With His first Word from the Cross, Our Lord Jesus Christ prayed “Father, forgive them for they know not what they do”. Thus, He begins His crucifixion emphasizing the merciful aspect of God, our Heavenly Father. In the second Word, He rewarded Dismas, the repentant thief. Then, with the third Word, He entrusted His Mother to John, and thus to us, and entrusts us to her. We take note that this Word alone binds every follower of Christ to defend the honor of the most Blessed Virgin Mary. Think for yourselves the dismal situation today, in this bitter passion of the Church.
After these first three Words, comes the fourth, which breaks upon us like a storm at dawn, when the sun’s light is withdrawn and the lightning illumines the torrents of rain and the wind-whipped trees.
“My God, my God, why hast Thou forsaken me?”
At this very hour, at this very Word, the darkness of the eclipse began to ease. In Father Groenings’ words, it “marked a turning point in which error’s shadow was to recede before truth, and the day of salvation was to begin.
My God, my God, why hast Thou forsaken me?
How are we to understand such a complaint? Is Christ doubting His Father? Modernists have implied such. What is the truth?
In the first place, we note that while His first Word from the Cross was from the Son of God to His Father, this fourth Word is from Christ the Son of Man to God. Again, we turn to Father Groenings:
The abandonment by God of Christ’s human nature was not a separation of the latter from the second Person of God. For the union of the second Person of the Godhead with Christ’s human nature was and is inseparable. If this union had been dissolved at the death of Christ, then not God, but a mere man would have died for us, and our redemption would not be accomplished.
Neither was the abandonment by God of the human nature in Christ a withdrawal of grace. On the contrary, the plenitude of grace at all times existing in Christ effected that fortitude which bore Him up on the cross as it had done in the Garden of Olives. The abandonment, finally, did not consist in depriving the soul of Christ for a time of the direct vision of God. Christ rather complained, not only that God refused to preserve His human nature from impending death, but also that He abandoned it to suffering without the least solace whatever.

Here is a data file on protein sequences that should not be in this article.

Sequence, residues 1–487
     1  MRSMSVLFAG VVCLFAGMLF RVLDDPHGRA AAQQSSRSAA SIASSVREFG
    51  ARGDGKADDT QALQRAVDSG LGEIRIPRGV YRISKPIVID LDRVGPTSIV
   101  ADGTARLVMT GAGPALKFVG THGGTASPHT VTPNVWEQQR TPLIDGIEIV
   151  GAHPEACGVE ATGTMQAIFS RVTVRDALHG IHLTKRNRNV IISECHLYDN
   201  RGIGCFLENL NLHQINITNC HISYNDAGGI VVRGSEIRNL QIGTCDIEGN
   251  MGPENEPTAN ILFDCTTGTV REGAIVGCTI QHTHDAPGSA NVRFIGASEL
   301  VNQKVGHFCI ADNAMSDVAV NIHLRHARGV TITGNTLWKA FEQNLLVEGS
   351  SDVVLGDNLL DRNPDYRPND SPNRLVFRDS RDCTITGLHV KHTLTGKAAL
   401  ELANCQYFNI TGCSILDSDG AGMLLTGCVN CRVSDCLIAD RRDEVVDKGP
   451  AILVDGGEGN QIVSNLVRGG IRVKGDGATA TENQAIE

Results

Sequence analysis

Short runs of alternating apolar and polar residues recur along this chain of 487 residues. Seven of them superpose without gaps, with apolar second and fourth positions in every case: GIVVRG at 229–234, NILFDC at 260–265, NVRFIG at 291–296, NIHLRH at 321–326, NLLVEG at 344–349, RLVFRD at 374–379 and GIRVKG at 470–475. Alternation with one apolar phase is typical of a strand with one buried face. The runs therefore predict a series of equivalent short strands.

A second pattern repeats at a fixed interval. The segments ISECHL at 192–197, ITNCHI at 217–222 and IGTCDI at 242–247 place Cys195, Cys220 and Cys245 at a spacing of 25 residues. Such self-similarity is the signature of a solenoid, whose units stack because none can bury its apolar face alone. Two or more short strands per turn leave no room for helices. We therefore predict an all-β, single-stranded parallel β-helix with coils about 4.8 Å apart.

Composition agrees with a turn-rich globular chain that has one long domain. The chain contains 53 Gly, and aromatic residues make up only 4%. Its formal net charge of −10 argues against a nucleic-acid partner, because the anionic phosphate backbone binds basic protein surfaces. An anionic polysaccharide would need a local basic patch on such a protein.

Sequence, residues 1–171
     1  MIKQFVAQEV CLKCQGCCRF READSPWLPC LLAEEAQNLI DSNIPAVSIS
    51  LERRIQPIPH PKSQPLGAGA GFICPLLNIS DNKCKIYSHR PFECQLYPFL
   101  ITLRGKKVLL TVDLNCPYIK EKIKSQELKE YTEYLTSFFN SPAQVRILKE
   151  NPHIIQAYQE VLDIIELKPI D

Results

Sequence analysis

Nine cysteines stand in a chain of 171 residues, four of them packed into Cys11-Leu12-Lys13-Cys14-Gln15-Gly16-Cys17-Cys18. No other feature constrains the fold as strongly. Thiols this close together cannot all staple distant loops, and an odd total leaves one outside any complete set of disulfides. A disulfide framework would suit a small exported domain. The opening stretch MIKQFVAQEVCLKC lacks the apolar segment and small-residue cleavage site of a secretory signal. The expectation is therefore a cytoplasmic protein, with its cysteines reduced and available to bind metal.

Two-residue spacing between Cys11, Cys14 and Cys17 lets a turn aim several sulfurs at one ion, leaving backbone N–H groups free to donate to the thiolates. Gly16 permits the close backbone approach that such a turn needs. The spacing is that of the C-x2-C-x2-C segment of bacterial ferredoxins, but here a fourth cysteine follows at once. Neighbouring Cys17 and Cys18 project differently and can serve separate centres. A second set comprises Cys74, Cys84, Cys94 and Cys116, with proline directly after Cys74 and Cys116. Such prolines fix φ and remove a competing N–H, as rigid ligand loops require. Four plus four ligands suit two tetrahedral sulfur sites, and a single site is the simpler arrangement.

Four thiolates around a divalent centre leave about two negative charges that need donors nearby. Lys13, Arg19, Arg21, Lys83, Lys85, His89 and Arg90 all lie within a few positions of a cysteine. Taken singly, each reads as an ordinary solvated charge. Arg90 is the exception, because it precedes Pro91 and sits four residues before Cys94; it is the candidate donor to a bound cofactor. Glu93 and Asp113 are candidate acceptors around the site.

For His human nature might have been relieved in a twofold way;
First, through a direct action on all that contributed to make it suffer: sparing Him the sensible pain of the thorns, the nails and the scourges, and the interior pain of the mockery and humiliations of the crucifixion.
Secondly, God could have filled the soul of Christ with such consolation that He would not have felt external pain. This was done for many of the martyrs, who rejoiced even as they endured torture for Christ.
However, nothing of the kind happened, On the contrary, God abandoned the soul of Christ to repugnance, to fear, to sadness and to the excruciating knowledge that His Passion would be useless to so many human beings. God even allowed Satan whose hour was at hand, to use this time of sufferings to cruelly torture the Soul of Christ. Indeed, the only assistance God gave was to allow Christ’s human nature the strength to sustain it in order to prolong His suffering.
This was the object and the cause of Christ’s plaintive reproach. And we know that Christ gave the full consent of His Will to this abandonment.
No matter how painful this abandonment by God was to the Saviour, He did not, in those moments, suffer the abandonment of the damned in hell, as Calvin, the gloomy heretic, maintains. Not at all. The abandonment of the damned is without hope and full of despair. Not so the abandonment of the Redeemer. For this fourth Word quotes from the opening lines of the 21st Psalm, and “My God, my God, why hast Thou forsaken me?” is followed by “Far from my salvation are the words of my sins. ”
And so we understand the reason Christ for this fourth Word, so loudly cried out:
First he was impelled by the humility of His Heart. This humility urged Him to perform, before His demise, the most heroic act of self-humiliation. by complaining of being abandoned by God, He, as it were, abandoned Himself. It was the greatest act of self-abasement and of self-renunciation imaginable. By this self-abasement, by this obscuring of His Divinity, of His Divine Power and Sanctity, the Redeemer would atone fully for the pride and self-deification of our first parents, which had brought all evil into the world.